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Greenleaf, Graham --- "Pau and Medical Board of Western Australia (WA)" [1995] PrivLawPRpr 47; (1995) 2(4) Privacy Law & Policy Reporter 72

Pau and Medical Board of Western Australia (WA)

Information Commissioner (WA), Decision D02394, 7 December 1994

Freedom of Information Act 1992 (WA) - Sched 1, cl 5(1)(a) - disclosure of investigative methods - Sched 1, cl 8(2) - prejudice to future supply of confidential information - public interest in applicant being informed of reasons for agency's decision

Pau complained about a medical practitioner to the Medical Board. The Board provided a copy of the complaint to the doctor concerned, who replied in writing to the Board. The Board then advised Pau that no disciplinary action would be taken against the doctor, but provided no explanation of its decision. Pau then applied for access to the doctor's letter to the Board.

The Commissioner obtained the view of the doctor, who stated that, if his letter was disclosed, he would be hesitant and reluctant to provide information in future. The Board argued that the relevant issue was not the views of one doctor, but rather 'the effect that access ... will have on the flow of information from other practitioners to the Board'.

The Board claimed that the document was exempt because, under Sched 1, cl 5(1)(a), its disclosure could reasonably be expected to 'impair the effectiveness of any lawful method or procedure for preventing, detecting, investigating or dealing with any contravention or possible contravention of the law'. The Commissioner held that the letter was not exempt under cl 5(1)(a) as it did not have any connection with investigative methods or procedures. As she said in her previous decision in Re Boyd and Medical Board of WA (unreported, 31 October 1994), 'Unless the matter in the documents is connected with investigative methods or procedures, or reveals what those methods or procedures might be, then the exemption ... does not apply'.

Under Sched 1, cl 8(2), information is exempt from disclosure if its disclosure:

(a) would reveal information of a confidential nature obtained in confidence; and

(b) could reasonably be expected to prejudice the future supply of information of that kind to the Government or to an agency.

However, cl 8(4) removes the exemption where disclosure 'would, on balance, be in the public interest'. Despite the fact that the letter contained nothing on its face to indicate that it was confidential and nor did its contents (an account of treatment given to Pau's daughter while she was present, and the doctor's opinion of her behaviour on that occasion), the Commissioner nevertheless held that, on the basis of the doctor's statement that he considered the letter to be confidential, and the board's statement that its usual practice was to receive such documents in confidence, it was within cl 8(2)(a).

However, the Commissioner held that cl 8(2)(b) was not satisfied, despite the Board's claims that it relied on the co-operativeness of doctors in its investigations, that the medical profession was very conscious of the FOI Act, and that the Board's view was that disclosure of doctor's responses to complaints would be very likely to lead to no responses being provided, or a reduction in the quality of information provided. The Commissioner took the same approach as she took in Re Boyd, endorsing the approach taken by the Victorian Administrative Appeals Tribunal in Re Barling and the Medical Board of Victoria; The Ombudsman (Party Joined) (1992) 5 VAR 542, that it would be necessary for the Board to consider each particular document to determine whether it contained information of such a sensitive nature that disclosure would mean that it was unlikely to be provided in future. Here, the Commissioner considered that there was nothing in the document of such a sensitive nature. The only material difference between this case and Re Boyd was that the medical practitioners there did not object to the disclosure, whereas the doctor here did object. The Commissioner considered that the views of one doctor as to how he would respond in future were insufficient evidence to support the agency's claim. In any event, the doctor here had only stated that he would be hesitant and reluctant to supply such information in future, not that he would not do so.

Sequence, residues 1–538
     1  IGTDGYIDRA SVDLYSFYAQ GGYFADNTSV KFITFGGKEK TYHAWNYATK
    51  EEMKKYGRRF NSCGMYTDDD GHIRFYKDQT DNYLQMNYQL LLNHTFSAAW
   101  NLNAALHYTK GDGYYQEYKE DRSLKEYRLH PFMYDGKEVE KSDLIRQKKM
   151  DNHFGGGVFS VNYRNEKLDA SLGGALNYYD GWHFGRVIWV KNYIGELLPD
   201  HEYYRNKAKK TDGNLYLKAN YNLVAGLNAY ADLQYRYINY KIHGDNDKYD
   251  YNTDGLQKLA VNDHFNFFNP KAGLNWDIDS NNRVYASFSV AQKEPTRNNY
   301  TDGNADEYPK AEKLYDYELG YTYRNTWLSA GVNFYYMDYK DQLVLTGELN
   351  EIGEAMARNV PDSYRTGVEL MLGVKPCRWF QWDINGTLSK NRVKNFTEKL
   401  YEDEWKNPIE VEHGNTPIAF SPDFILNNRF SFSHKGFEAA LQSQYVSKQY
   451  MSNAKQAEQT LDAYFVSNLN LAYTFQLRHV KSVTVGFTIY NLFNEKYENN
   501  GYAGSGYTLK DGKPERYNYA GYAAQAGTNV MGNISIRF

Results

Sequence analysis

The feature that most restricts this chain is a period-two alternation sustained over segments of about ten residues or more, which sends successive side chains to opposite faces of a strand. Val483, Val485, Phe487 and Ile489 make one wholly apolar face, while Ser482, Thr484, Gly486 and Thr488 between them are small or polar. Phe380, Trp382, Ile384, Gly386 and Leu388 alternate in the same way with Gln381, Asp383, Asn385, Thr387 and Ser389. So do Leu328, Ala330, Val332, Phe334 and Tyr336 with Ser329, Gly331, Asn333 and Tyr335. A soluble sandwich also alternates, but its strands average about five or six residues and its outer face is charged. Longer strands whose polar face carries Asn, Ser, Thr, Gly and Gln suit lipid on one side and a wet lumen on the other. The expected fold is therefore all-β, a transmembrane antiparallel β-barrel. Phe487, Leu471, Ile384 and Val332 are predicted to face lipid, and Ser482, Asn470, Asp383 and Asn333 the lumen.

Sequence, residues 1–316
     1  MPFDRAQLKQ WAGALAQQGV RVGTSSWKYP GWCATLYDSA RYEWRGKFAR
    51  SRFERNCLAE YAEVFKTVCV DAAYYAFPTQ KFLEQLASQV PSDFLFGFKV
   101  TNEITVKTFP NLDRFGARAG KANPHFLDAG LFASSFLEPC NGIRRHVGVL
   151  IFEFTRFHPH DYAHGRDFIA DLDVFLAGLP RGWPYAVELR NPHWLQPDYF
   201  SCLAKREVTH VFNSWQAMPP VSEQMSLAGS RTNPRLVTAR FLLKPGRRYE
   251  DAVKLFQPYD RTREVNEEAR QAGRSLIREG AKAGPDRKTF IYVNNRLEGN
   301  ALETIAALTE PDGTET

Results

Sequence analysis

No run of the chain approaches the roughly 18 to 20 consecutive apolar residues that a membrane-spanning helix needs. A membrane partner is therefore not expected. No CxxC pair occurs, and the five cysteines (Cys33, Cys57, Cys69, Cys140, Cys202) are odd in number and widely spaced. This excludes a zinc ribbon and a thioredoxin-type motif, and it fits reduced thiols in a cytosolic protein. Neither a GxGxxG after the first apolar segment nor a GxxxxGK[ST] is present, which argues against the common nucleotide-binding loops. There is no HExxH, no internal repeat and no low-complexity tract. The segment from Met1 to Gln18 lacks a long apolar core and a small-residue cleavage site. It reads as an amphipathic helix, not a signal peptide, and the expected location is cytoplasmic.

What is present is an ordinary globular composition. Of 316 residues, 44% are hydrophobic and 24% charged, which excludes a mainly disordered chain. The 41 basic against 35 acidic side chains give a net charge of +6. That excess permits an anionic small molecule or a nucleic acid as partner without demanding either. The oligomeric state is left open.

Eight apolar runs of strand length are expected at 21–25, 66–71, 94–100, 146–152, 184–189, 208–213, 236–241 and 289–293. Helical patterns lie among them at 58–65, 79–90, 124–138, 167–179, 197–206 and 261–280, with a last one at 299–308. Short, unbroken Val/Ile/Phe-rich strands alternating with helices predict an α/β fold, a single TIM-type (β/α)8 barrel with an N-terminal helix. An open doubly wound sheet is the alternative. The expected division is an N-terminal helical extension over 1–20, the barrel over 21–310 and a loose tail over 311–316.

Although unnecessary for the decision, the Commissioner stated that, in any event, she would have found that, under cl 8(4), the public interest required disclosure of the document:

... there is a public interest in a complainant to the Medical Board being informed of the reasons why the agency has reached a particular decision upon his or her complaint ...[and] the minimum requirement to satisfy this public interest is the provision of a summary, to the extent possible, of a medical practitioner's response to the Medical Board, including an explanation of how the Medical Board resolved conflicts, if any, between the evidence of the parties.

Here, Pau had not been given any reasons for the Board's decision or summary of the doctor's response.


The Commissioner's approach to the public interest aspect of the 'confidentiality' exemption has, in effect, stated her intention to impose an 'ADJR-like' requirement for agencies to give reasons for their decisions concerning complaints by applicants. If they do not provide a statement of reasons, then the Commissioner considers that the public interest requires the 'next best thing' - disclosure of the documents on which the decision is based. The decision shows how potentially significant the 'public interest override' to some exemptions can be.

Graham Greenleaf

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